In Wellfleet’s Duck Creek Cemetery, three remarkably well-preserved colonial headstones with classic iconography are a tangible reminder of the John Greenough family. The stones, like too many in Cape Cod’s cemeteries, speak of the sadness of young lives lost, but they offer no hint of the drama that engulfed the Greenough family and the Outer Cape in 1774.
On the stormy morning of Dec. 11, 1773, when the brigantine William, bound from London to Boston, ran ashore near Race Point, one might have forgiven the townspeople for thinking it a routine event, that the William was yet another victim of the treacherous Peaked Hill bars that had claimed countless vessels and lives over the years. Routine, that is, until its cargo was identified. In addition to carrying streetlights for Boston, the William — one of a convoy of seven ships destined for Atlantic ports — was laden with British East India Company (EIC) tea from China. Of the four vessels due to arrive in Boston, the Beaver, Dartmouth, and Eleanor had managed to outmaneuver the storm, anchoring in the harbor where, on Dec. 16, their cargo of 342 chests of tea touched off a political protest that came to be known as the Boston Tea Party.
After the destruction of the tea — the protest ignited by oppressive taxes and the subsequent decision by colonists to boycott tea, over which EIC had a monopoly — all that remained of the shipment bound for Boston were the 58 chests aboard the William, amounting to 12,000 pounds of tea.
Residents of the Outer Cape, with their long, cherished tradition of salvaging cargo from wrecked vessels for personal use or profit, participated in rescuing the tea, not fully understanding how unpopular the rescue would be. At the heart of the erupting anger and unrest was the question of whether the “detestable” tea, on which the tax had not yet been paid, could, in good conscience, be consumed or resold or must be boycotted. Was it the tea itself that was odious, or was it the tax on the tea? After all, tea-loving colonists, including Cape Codders, regularly purchased their favorite beverage smuggled in from Holland, on which no duty was paid.
The central figure in the controversy was a Wellfleet resident named John Greenough, whose father, the prominent Boston merchant Deacon Thomas Greenough, was a member of the Committees of Correspondence, groups appointed to provide colonial leadership in response to British policy. At the behest of the Loyalist Clarke family, distant cousins and owners of the William, John Greenough organized the salvage of the cargo and rescue of crew members at Provincetown, engaging locals to assist with the recovery and paying them with tea from a damaged chest. For his efforts, Greenough kept two chests of tea, a portion of which he sold to Willard Knowles (1711-1786), Eastham’s militia colonel, and Provincetown Selectman Stephen Atwood (1733-1802), both of whom, like Greenough, supported the cause of American liberty.
Cape Codders were sharply divided about the unexpected windfall of untaxed tea. Those who eschewed EIC tea regardless of its tax status targeted the men. Atwood’s home was raided and his tea burned. Residents who purchased the tea and laborers who had aided the salvage efforts were also harassed.
Other townspeople, however, were more than happy to purchase tea as word of its availability spread, arguing that no duty had been paid to enrich government coffers. Knowles, who was maligned by some as an enemy and untrustworthy, was protected from the anti-tea mob by his prominence in the community. Greenough, accused of selling out his country, defiantly tried to defend himself, and as the tumult of 1774 waned, managed to reconcile with both family and neighbors by apologizing for his involvement with the “cursed” tea.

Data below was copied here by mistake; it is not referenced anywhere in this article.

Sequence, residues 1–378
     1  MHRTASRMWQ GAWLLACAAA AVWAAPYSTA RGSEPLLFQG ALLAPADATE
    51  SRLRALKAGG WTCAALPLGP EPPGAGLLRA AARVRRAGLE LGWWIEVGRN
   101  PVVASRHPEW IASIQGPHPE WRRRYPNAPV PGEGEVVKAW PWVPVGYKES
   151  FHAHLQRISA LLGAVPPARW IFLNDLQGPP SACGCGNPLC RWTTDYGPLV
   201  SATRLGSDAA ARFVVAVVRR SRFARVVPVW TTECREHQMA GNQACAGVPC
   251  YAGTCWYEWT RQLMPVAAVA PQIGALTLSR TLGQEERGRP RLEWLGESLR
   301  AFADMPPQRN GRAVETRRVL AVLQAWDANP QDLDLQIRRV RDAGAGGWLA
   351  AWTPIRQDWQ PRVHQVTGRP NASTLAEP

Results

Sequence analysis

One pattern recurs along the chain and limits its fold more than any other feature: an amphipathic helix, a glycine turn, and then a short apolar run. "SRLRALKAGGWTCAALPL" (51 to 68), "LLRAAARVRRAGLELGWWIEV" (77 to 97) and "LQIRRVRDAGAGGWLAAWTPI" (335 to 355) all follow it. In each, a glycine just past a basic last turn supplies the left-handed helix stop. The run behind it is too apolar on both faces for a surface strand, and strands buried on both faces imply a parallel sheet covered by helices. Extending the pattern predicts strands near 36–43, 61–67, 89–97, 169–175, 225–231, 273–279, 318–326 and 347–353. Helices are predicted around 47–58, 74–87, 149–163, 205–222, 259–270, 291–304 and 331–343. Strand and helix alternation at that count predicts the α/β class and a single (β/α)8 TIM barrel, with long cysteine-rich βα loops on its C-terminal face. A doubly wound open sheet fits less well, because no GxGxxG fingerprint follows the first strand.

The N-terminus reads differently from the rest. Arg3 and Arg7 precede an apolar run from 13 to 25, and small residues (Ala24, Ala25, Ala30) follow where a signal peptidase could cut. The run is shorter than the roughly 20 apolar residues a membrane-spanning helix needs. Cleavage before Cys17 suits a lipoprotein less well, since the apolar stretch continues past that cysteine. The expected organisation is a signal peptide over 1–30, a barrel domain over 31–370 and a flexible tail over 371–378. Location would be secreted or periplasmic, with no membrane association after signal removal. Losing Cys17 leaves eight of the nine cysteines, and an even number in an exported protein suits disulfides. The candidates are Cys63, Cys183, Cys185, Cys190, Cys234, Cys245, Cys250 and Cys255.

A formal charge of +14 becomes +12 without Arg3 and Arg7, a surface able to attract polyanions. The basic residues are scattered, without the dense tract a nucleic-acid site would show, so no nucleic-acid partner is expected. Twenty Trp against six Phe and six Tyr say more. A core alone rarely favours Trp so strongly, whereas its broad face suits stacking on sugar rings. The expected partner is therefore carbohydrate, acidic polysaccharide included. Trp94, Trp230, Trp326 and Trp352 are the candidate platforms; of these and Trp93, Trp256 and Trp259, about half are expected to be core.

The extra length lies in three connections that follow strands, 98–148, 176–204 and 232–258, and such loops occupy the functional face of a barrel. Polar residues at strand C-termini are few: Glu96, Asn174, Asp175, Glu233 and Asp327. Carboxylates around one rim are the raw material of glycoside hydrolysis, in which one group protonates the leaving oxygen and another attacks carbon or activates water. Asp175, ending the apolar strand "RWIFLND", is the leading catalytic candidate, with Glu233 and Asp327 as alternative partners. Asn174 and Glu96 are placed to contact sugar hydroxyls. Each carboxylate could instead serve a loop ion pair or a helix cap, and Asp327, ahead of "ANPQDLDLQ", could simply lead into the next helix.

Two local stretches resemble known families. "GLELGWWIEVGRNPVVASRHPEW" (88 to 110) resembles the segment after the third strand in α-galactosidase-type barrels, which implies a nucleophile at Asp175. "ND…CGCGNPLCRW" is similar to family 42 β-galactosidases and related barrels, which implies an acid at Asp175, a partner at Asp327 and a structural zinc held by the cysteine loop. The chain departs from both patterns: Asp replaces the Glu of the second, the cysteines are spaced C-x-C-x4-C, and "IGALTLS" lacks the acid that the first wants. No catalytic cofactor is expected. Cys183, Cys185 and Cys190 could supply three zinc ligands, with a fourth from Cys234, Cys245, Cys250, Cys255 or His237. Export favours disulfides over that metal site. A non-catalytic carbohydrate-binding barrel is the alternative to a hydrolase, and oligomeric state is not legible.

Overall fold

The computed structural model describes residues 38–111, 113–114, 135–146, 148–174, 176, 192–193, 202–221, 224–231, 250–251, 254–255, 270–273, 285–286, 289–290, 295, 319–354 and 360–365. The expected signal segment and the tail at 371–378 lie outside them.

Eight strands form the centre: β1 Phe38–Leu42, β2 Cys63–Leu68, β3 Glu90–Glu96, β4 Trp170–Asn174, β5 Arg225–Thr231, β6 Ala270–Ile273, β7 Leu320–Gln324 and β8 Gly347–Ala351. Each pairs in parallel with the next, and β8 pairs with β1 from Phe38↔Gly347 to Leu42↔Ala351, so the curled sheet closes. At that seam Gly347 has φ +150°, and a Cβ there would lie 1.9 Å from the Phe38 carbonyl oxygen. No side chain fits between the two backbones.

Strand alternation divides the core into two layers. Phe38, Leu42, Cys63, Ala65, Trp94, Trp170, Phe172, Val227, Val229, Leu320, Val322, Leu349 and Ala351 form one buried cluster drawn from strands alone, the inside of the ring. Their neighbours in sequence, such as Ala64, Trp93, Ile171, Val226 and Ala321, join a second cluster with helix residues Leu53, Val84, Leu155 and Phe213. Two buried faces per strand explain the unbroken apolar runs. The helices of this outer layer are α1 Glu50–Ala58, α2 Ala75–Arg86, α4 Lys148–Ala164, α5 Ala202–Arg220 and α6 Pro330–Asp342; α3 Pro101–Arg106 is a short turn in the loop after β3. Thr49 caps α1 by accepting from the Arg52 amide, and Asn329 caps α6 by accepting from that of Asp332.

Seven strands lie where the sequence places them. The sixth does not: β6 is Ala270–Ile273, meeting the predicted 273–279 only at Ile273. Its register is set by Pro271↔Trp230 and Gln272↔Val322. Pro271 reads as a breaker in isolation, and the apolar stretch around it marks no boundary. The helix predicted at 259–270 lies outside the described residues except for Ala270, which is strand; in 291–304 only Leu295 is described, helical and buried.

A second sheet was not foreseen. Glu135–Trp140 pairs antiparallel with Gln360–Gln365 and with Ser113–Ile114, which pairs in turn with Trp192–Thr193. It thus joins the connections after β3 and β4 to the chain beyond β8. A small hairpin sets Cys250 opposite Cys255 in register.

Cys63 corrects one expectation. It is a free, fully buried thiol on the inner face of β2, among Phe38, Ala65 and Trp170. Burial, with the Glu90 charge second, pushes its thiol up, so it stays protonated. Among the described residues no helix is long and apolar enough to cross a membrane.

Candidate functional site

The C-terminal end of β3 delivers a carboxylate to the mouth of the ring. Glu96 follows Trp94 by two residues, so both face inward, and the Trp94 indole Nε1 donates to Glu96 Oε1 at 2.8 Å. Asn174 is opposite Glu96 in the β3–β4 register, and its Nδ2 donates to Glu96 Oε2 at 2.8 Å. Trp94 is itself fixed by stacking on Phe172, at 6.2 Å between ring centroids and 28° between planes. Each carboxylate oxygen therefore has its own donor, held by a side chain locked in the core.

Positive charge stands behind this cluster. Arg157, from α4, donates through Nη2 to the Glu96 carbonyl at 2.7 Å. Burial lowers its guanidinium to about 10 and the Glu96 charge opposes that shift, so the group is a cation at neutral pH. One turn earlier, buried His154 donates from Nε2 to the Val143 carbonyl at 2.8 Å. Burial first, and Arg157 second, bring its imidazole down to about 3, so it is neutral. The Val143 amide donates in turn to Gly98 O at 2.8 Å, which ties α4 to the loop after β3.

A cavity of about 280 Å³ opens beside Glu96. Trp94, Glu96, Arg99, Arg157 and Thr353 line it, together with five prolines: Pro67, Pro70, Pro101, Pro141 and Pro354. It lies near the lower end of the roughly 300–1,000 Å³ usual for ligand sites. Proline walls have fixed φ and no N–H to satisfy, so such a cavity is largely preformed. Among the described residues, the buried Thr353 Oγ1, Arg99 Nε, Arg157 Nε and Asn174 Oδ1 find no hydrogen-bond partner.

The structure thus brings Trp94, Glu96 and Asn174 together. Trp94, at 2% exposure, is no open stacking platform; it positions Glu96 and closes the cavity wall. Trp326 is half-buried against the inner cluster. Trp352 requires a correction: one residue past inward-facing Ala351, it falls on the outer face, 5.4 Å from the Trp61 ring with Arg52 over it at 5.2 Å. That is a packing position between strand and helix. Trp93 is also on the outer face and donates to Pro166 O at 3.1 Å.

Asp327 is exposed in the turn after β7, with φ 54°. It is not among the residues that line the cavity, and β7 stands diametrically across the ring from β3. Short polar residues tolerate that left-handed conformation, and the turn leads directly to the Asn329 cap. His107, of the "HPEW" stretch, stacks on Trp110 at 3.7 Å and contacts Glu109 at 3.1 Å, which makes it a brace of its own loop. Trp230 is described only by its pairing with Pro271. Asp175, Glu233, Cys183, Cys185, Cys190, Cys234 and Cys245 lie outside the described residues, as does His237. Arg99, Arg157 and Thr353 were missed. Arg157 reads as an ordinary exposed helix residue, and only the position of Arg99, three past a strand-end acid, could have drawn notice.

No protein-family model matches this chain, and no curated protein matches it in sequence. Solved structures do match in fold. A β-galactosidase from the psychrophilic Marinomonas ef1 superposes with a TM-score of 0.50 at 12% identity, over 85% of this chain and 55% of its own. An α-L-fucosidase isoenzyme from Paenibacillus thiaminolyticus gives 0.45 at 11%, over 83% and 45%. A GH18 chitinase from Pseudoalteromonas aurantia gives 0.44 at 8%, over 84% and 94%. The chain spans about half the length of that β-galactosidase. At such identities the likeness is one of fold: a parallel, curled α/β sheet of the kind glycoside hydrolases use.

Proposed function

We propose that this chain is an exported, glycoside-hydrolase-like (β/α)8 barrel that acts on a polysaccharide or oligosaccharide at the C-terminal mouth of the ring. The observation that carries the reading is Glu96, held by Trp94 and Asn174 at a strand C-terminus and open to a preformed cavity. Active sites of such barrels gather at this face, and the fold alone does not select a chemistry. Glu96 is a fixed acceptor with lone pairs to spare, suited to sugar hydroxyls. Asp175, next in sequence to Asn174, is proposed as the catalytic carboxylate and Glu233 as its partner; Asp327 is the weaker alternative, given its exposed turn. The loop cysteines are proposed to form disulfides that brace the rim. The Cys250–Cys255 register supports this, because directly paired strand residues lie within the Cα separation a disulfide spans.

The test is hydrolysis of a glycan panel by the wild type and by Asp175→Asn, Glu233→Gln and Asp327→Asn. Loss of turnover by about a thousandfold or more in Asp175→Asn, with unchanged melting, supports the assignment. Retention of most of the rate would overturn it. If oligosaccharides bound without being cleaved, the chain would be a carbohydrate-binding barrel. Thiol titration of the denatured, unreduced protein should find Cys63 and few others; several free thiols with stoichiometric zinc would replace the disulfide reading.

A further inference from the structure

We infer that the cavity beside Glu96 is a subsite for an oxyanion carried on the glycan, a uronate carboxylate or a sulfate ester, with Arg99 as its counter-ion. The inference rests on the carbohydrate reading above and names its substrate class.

Born in 1742, John Greenough had earned his B.A. from Yale in 1759 and his M.A. in 1762. In 1763, he was awarded a courtesy degree, known as an ad eundem, from Harvard. In 1766, he married Mehitable Dillingham (1747-1798) of Harwich and soon thereafter arrived in Wellfleet, where he opened a grammar school for Greek and Latin instruction that continued until the fateful events of 1774. He was also a successful merchant and was appointed justice of the peace. Seven children were born to the Greenoughs in Wellfleet, three of whom — an infant daughter who lived for only a day; a son, John, who died at 19; and a daughter, Abigail “Nabby,” who died at 13 — are buried at Duck Creek. Another daughter, Sarah, drowned when she was 20 after falling from a vessel bound from Boston to Wellfleet.
After returning to the good graces of his neighbors, John Greenough again took an active role in the affairs of the town, serving in the General Court and appointed in 1778 by the Board of War to secure the “appurtenances” of the British man-o-war Somerset, wrecked in nearly the same place as the William had been five years earlier. By September 1780, Greenough had moved his family to Boston, where he bought a house and land in the North End.
John Greenough did not live to see the patriot cause fully realized. He died in July 1781, just weeks after the death of two-year-old Mehitable and the birth of his eighth child. John’s widow, Mehitable, returned to Wellfleet, where she is listed as the head of household on the 1790 census. Tragically, her son John and daughters Nabby and Sarah had all died within six months of one another, between December 1788 and June 1789. In 1798, just two days after the death of another teenage daughter, Mehitable Greenough died, broken-hearted perhaps by her compounded losses. Of her eight children, only two sons, David and William, survived her.